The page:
Hurricane Irma’s torrential rains flooded Lake Okeechobee with more than 450 metric tons of phosphorus in a single month, contributing to a fertilizer dump that nourished this summer’s harmful algae bloom and surpassed the state’s phosphorus goal 10 times over.
About 6 percent of the water and 7 percent of the phosphorus that went into the lake during the same time period came from areas south of Lake O, according to the South Florida Water Management District.
Scientists predicted an algae bloom was possible after Irma’s September soaking drove lake levels up 3 feet in a month, but the extent of the phosphorus loading wasn’t clear until results were released during a September meeting of the district’s Water Resources Analysis Coalition, or WRAC.
“Last year was a fluke because of the way the rain came with Irma, but it’s a high point in a chronic problem,” said Audubon Florida scientist Paul Gray, who specializes in Lake Okeechobee research. “Clearly we haven’t done near enough to fix it.”
The five-year average flow of phosphorus into the lake, including last year, was 598 metric tons. In each of the four years previous, the range of phosphorus was between 415 metric tons and 574 metric tons.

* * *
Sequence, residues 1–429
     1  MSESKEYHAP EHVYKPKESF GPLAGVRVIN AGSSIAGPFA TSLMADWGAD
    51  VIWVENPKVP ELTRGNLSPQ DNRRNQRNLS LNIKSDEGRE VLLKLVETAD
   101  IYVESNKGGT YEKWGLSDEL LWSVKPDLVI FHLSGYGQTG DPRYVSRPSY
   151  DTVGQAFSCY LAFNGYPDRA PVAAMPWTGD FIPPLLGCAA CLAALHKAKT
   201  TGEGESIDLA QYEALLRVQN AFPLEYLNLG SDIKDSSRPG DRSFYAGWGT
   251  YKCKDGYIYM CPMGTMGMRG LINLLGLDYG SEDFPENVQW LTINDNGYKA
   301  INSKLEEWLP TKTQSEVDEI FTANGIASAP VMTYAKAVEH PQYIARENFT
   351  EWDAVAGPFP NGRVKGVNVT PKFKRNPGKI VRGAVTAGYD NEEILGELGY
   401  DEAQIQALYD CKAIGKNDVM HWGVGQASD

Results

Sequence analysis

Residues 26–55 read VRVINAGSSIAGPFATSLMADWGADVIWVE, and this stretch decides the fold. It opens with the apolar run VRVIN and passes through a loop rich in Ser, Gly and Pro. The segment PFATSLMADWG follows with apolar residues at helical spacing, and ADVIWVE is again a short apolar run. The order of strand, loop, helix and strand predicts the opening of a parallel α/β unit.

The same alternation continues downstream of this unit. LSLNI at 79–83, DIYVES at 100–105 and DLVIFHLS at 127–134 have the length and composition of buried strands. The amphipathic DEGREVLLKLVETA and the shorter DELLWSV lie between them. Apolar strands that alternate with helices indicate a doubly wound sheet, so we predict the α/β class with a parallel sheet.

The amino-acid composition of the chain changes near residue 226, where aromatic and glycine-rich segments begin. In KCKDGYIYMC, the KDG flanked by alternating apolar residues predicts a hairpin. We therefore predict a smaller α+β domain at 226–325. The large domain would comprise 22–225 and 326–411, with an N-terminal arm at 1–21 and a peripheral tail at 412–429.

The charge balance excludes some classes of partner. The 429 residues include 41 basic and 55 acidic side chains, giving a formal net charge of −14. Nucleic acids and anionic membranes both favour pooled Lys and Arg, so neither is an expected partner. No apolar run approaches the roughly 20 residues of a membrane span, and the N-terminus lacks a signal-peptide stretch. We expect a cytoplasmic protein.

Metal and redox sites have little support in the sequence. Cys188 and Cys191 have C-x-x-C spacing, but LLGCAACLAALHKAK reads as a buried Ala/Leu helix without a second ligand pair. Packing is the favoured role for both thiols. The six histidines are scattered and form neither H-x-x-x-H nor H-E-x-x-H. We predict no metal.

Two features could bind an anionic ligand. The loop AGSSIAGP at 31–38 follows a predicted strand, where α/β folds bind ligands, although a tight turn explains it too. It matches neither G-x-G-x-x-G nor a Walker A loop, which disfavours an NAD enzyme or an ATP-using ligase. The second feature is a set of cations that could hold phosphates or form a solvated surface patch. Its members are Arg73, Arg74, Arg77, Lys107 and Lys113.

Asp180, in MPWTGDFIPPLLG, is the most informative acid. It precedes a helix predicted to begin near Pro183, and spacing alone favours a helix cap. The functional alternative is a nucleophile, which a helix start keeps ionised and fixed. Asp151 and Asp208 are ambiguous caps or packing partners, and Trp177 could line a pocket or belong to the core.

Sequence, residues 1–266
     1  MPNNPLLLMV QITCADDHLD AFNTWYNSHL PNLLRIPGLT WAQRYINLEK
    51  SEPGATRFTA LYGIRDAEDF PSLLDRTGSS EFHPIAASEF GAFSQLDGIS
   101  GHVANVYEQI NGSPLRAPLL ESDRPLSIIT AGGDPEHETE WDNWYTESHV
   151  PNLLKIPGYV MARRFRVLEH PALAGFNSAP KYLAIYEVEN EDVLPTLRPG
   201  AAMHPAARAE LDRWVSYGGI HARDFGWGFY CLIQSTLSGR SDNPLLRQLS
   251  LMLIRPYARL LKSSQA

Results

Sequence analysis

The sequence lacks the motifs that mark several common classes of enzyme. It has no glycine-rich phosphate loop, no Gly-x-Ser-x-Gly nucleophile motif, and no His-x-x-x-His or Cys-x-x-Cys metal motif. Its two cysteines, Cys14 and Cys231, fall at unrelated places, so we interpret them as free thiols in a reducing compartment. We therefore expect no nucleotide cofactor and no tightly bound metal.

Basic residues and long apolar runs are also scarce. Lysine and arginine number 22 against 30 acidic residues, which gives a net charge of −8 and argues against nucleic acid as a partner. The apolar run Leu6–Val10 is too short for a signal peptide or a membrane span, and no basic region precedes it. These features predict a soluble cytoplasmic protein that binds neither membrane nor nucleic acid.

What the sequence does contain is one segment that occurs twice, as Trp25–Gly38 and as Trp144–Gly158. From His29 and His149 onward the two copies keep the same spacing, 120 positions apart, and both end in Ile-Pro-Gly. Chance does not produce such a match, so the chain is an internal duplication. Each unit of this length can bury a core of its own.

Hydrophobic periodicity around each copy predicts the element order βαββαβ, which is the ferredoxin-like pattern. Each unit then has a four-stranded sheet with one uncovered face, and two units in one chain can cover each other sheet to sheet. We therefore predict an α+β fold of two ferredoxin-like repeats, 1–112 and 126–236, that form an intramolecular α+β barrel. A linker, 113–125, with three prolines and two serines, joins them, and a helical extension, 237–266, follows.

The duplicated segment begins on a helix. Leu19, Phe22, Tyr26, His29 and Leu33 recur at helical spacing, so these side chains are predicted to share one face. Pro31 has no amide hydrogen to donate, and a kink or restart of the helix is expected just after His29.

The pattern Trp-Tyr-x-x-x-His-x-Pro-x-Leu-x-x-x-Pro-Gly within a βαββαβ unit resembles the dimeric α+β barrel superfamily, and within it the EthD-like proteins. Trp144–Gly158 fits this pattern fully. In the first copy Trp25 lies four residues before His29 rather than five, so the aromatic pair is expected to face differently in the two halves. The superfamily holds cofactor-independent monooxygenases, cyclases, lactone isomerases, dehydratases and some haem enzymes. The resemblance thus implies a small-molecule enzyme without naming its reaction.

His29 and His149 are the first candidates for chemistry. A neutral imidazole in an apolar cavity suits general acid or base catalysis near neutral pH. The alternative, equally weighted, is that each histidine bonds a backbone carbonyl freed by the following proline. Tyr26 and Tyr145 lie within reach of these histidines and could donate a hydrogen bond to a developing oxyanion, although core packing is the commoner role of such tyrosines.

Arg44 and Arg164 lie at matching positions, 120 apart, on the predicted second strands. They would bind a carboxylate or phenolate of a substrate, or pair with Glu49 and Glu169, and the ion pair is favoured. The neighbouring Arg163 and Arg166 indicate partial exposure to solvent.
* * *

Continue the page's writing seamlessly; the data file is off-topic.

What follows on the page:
Blame a stubborn Bermuda High, which has had a hold on the state through much of the month, for the unusual warmth. Fifteen days have seen the mercury rise to 90-degrees or warmer at Palm Beach International Airport, including hitting a whopping 93 degrees on Sept. 19 and 20.
The normal daytime high for late September is 87 or 88 with the normal overnight low typically dropping to 75.
Derrick Weitlich, a meteorologist with the National Weather Service in Melbourne, said the extra daytime heat has been aided by an easterly sea breeze pushing further inland and causing showers and thunderstorms to bypass the coast.
“The storms increase cloud cover and rainfall to really cool things off, but we’ve been drier than normal for most of the month and had higher temperatures,” Weitlich said.
An average of 4.6 inches of rain has fallen over coastal Palm Beach County this month, which is more than 2 inches below normal, according to South Florida Water Management District records.